Thinking about cancer or dealing with cancer risk can be scary or overwhelming, but we believe that receiving information and resources is comforting, empowering, and lifesaving.
Close surveillance or screening for cancer uses tests to try to catch cancer in its early stages, when it is most treatable. Surveillance doesn’t prevent cancer. However, early detection improves a person’s chance of surviving their cancer. Studies of breast cancer screening tools for high-risk women, some including women with BRCA mutations, found certain screening more likely to detect cancer. Whether close surveillance will lower the death rate from breast cancer in high-risk women is unknown. Nevertheless, based on these studies, recommendations for breast cancer screening in the high-risk population differ from recommendations for the general population.
In women with mutations in BRCA, PALB2, or other genes that increase cancer risk, breast cancer tends to occur at a younger age, and the lifetime risk for cancer is higher than the general population. Therefore, screening tests that might not be appropriate for women of average risk may be recommended for those in the high-risk category. As surveillance for breast cancer in high-risk women is further researched, screening recommendations will likely change. For the above reasons, it is important to consult with health care experts who are familiar with the standards of care and risk management in high-risk women. Further, it is important to understand that sweeping recommendations regarding cancer surveillance may not apply to women with increased risk for cancer.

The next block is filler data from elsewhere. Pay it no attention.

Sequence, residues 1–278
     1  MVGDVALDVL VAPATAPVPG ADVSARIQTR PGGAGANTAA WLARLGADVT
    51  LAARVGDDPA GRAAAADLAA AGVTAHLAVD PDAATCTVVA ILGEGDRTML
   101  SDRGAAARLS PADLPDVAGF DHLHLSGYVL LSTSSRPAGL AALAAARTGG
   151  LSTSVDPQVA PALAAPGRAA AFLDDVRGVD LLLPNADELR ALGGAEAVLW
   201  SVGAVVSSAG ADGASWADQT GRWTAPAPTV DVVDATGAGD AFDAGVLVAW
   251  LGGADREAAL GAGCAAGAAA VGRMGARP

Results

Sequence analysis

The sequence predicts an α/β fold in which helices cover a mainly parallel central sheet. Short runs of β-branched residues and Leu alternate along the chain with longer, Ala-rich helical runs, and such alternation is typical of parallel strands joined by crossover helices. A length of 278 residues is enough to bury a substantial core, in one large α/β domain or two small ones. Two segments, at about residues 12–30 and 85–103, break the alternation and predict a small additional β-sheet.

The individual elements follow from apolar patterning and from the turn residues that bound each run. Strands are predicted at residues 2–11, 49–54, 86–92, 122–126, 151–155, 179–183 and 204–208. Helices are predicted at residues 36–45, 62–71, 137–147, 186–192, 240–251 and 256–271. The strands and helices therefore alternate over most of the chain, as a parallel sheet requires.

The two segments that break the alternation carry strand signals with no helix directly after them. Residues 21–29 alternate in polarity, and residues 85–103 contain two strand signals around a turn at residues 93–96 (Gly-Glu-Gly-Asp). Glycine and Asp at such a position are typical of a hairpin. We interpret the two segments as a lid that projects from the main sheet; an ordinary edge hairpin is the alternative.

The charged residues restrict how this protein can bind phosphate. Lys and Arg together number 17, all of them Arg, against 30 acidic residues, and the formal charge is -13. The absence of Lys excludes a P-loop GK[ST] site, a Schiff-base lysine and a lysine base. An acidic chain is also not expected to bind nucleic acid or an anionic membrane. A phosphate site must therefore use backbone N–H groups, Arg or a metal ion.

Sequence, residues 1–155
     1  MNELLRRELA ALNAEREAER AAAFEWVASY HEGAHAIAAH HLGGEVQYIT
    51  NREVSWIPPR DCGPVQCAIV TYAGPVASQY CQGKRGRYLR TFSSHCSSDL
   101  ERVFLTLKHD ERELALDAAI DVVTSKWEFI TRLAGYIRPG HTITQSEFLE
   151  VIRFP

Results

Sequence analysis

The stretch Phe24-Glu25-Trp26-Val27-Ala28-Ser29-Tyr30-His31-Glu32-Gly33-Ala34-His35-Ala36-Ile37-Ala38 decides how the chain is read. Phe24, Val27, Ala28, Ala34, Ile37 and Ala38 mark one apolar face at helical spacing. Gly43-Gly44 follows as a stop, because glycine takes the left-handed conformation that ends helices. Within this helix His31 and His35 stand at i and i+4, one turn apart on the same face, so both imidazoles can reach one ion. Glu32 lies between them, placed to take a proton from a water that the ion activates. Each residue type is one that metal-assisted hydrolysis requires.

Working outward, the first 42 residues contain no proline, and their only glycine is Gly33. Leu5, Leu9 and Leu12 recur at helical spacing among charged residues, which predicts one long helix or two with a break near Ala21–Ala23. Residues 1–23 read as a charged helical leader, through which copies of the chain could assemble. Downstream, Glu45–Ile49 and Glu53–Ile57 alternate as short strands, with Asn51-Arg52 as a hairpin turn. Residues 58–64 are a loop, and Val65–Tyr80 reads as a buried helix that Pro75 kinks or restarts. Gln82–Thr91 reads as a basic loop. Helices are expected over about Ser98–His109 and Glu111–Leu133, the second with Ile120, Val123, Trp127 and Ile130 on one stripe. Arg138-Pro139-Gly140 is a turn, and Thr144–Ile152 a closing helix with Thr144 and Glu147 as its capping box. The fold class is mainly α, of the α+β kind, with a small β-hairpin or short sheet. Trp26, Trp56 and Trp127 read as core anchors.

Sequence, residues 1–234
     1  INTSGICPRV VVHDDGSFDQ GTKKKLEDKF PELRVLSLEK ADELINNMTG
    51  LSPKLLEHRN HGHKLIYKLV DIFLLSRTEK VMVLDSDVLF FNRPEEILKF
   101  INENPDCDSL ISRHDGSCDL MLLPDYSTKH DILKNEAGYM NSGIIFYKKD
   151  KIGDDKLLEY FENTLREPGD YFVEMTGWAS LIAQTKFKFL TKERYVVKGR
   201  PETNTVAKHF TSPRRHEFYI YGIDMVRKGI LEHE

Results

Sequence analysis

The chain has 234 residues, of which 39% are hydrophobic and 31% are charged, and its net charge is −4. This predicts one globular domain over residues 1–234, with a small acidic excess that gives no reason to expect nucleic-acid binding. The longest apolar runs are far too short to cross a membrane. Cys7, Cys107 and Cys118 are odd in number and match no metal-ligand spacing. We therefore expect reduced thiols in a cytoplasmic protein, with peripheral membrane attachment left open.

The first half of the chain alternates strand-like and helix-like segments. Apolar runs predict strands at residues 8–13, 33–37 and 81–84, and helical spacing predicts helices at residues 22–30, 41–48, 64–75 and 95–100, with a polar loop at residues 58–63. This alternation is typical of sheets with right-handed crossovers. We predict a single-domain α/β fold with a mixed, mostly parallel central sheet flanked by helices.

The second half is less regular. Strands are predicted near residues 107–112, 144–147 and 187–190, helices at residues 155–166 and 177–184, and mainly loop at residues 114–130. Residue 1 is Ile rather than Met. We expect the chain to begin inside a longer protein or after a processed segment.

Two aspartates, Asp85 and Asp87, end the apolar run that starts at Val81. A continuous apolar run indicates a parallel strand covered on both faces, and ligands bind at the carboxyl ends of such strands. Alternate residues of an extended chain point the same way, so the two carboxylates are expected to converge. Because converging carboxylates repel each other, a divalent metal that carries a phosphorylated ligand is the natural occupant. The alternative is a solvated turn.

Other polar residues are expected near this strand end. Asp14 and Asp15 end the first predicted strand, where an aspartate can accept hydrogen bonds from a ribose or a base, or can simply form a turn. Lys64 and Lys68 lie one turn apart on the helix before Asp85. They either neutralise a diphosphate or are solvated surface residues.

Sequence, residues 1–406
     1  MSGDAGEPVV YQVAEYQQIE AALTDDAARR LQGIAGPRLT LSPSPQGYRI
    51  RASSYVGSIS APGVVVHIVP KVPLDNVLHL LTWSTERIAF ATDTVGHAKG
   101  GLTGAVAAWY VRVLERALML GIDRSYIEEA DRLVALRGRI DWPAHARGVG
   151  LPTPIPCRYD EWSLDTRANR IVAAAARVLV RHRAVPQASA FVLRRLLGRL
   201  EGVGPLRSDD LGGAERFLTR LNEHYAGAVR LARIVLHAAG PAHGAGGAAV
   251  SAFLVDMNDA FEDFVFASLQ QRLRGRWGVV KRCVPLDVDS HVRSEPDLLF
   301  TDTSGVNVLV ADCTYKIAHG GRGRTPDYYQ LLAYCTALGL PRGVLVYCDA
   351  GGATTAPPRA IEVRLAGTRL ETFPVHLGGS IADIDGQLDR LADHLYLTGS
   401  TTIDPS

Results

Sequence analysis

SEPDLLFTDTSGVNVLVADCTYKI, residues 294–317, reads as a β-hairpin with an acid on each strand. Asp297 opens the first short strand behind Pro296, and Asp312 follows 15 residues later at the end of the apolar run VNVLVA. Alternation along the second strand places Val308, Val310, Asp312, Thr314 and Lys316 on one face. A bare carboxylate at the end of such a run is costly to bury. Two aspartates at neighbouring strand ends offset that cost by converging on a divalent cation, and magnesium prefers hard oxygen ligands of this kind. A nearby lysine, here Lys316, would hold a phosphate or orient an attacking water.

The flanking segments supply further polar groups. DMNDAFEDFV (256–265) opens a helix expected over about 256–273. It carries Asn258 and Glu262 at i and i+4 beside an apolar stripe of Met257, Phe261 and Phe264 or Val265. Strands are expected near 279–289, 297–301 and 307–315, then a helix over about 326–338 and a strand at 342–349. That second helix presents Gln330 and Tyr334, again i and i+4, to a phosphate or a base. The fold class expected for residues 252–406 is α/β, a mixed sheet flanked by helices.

The National Comprehensive Cancer Network (NCCN) is a consortium of cancer centers with experts in management of hereditary cancer.In general, NCCN guidelines dictate the standard of care for cancer surveillance in high-risk patients. These risk management guidelines are updated annually based on the latest research. Current NCCN guidelines for surveillance of high-risk women include: